LIFO during Intraday trading

Is there a way to match Sell tax lot to a Buy order (LIFO) during Intra-day trading?

Example: Buy, Sell, Buy, Sell. I want each Sell to match to it’s previous Buy order.

There is something called client_order_id, but how exactly you use it?

hi,
when you submit your order you could pass another param called client_order_id.
it’s a unique string generated by you and matches that order.

Thanks.
Just to be sure: When I pass Buy order to set unique string in client_order_id and use the exact string in client_order_id Sell JSON?

no, every order has a unique id. meaning one for the buy one for the sell
but you could use the same prefix for both

How they match the Sell to the Buy if this is not the same client_order_id?
Can you give an emaple?
Thanks.

I don’t fully understand your need.
do you want to know which sell order corresponds to a buy order?
or do you want alpaca to “know” something?
are you trying to submit several orders at once or something like that?

I’m trying to do day trading using LIFO:

  1. Buy at $10 -> try to sell at $10.2
  2. If price go down, Buy again at $9 -> try to sell at $9.2
  3. Price go up: #2 is executed, and I want the sell of $9.2 be in the Tax Lot of $9 (LIFO). If I do nothing it will be in the Tax Lot of $10 (FIFO).

If I’m able to “tell” alpaca to match Sell the Last Buy Tax Lot (LIFO), then I can always exit at a profit instead of a loss that carry over Wash Sell.

Does that make sense? I just started to do high freq trading, but I find LIFO to be very important.

@Tom_R Each order must have a unique client_order_id. So no, you cannot use the exact string for the sell order as the buy order. However…

If you create the entire set of buy and sell orders when you originally open a position, the process of tracking orders is greatly simplified. I would recommend that approach. Open your positions with either a ‘bracket’ or ‘oto’ (One-Triggers-Other) order. This will then keep the original open order and the subsequent close order(s) associated as a leg(s). The orders can all be found using a single client_order_id. You don’t even need to assign your own ID. However, assigning your own ID allows the IDs to be meaningful, or at least a bit more readable, than using the Alpaca ID.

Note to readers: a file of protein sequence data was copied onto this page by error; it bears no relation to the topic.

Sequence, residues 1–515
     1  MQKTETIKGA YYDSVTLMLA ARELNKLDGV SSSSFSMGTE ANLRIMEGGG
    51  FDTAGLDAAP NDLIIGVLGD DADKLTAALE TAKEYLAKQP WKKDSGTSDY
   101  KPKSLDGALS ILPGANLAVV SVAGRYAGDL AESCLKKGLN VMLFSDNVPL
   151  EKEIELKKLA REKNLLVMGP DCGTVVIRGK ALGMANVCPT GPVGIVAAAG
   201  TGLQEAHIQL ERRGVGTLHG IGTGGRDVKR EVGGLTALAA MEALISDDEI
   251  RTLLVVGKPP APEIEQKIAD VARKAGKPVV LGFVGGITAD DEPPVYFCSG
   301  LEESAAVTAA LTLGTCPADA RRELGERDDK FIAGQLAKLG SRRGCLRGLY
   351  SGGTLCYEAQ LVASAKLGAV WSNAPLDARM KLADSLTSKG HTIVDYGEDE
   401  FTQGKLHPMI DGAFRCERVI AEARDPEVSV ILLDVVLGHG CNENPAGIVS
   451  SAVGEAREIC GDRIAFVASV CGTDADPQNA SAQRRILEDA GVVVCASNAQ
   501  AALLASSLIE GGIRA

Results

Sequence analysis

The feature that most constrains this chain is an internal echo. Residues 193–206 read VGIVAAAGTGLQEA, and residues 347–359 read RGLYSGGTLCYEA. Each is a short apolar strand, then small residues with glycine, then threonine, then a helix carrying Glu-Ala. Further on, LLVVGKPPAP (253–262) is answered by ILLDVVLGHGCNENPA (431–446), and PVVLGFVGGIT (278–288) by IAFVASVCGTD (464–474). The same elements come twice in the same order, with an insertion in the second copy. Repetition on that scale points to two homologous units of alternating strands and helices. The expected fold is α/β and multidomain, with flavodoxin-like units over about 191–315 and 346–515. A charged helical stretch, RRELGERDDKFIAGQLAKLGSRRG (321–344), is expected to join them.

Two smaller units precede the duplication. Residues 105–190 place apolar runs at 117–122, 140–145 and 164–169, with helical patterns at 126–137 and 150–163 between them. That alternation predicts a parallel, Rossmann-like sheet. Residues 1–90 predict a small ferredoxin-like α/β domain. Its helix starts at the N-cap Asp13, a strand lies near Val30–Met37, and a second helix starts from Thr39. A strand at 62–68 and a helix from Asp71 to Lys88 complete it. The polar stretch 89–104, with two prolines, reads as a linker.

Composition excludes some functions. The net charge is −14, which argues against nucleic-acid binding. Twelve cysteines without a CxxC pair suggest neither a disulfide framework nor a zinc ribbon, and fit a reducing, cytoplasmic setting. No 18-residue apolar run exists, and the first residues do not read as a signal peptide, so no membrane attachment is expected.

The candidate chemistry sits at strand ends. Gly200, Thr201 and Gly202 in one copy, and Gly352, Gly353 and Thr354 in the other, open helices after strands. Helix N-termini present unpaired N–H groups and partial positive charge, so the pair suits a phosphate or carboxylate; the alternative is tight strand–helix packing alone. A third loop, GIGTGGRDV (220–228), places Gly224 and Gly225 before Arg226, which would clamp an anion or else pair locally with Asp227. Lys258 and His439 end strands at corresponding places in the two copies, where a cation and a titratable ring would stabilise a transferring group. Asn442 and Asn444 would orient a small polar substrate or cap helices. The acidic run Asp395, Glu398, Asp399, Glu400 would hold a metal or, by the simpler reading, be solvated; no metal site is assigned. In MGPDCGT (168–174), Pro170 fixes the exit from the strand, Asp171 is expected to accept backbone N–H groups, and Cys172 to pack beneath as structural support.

You might feel the exit points aren’t known at the beginning of a trade so creating the close order is impossible. Day trading strategies, in particular, exit positions based upon the intra-day trends and not some initial target gain or stop loss. However, I would still open the initial position with either a ‘bracket’ or (probably more simply) an ‘oto’ order. The key is to NOT submit a new order to close the position but rather replace the second leg of the original order.

As an example. Using the python alpaca_trade_api, the following will open an initial long position in IBM with a client_order_id set to ‘2020-09-30 001 00’, and right away create an associated close order.

stock = 'IBM'
last_ask = api.polygon.last_quote(stock).askprice
api.submit_order(
    client_order_id='2020-09-30 001 00',
    symbol='IBM',
    qty=10,
    side='buy',
    type='limit',
    limit_price=last_ask,
    time_in_force='day',
    order_class='oto',
    take_profit={'limit_price': last_ask*1.1},
    )

The key is to set the limit price of the associated take profit order to some initial high value. Later, when your algo determines this position should be closed, do not create a new order. Simply update the limit price using the replace_order method.

# Get the order ID of the close order
my_orders = api.get_order_by_client_order_id('2020-09-30 001 00')
my_close_order_id = my_orders.legs[0].id

# Update the limit price when one wants to close
new_price = api.polygon.last_quote(stock).askprice
api.replace_order(my_close_order_id, limit_price=new_price)

Notice the associated close order(s) are accessed with the initial order’s legs attribute. This is a list. Since there is just a single associated order it can be referenced as legs[0]. This approach keeps the open and close orders tightly ‘connected’. Not only can one associate them by a single client_order_id for tracking purposes, but they can also both be canceled by simply canceling the initial order (using the client_order_id).

There are rare instances where things don’t go as planned and another order needs to be placed to close the position (eg the second order is rejected or suspended). This new order cannot have the same client_order_id. In this case, to keep it associated with the original orders for tracking purposes, I increment the last two digits of the client_order_id. If the original ID is ‘2020-09-30 001 00’ then a second (actually third) order would have an ID of ‘2020-09-30 001 01’.

This approach should work for LIFO but just need to keep track of two sets of trades. The easiest would be to have the same share qty in both pairs of trades (ie the lot qty is the same). However, the replace_order method does allow one to update the qty too.

Hope that helps.

Thanks @dan_whitnable . I’ll try to understand all of the above and I’ll read more in documentation. Seems to be hard to sell at LIFO.

In my merrill lynch account: when I sell, I can manually select the Buy tax lot. So manually, they can assign a sell to a buy. This give you the option to always sell just the profit ones (if there is any). Without this tax lot selection, all the sells assigned in fifo to buy order that generate endless wash sells.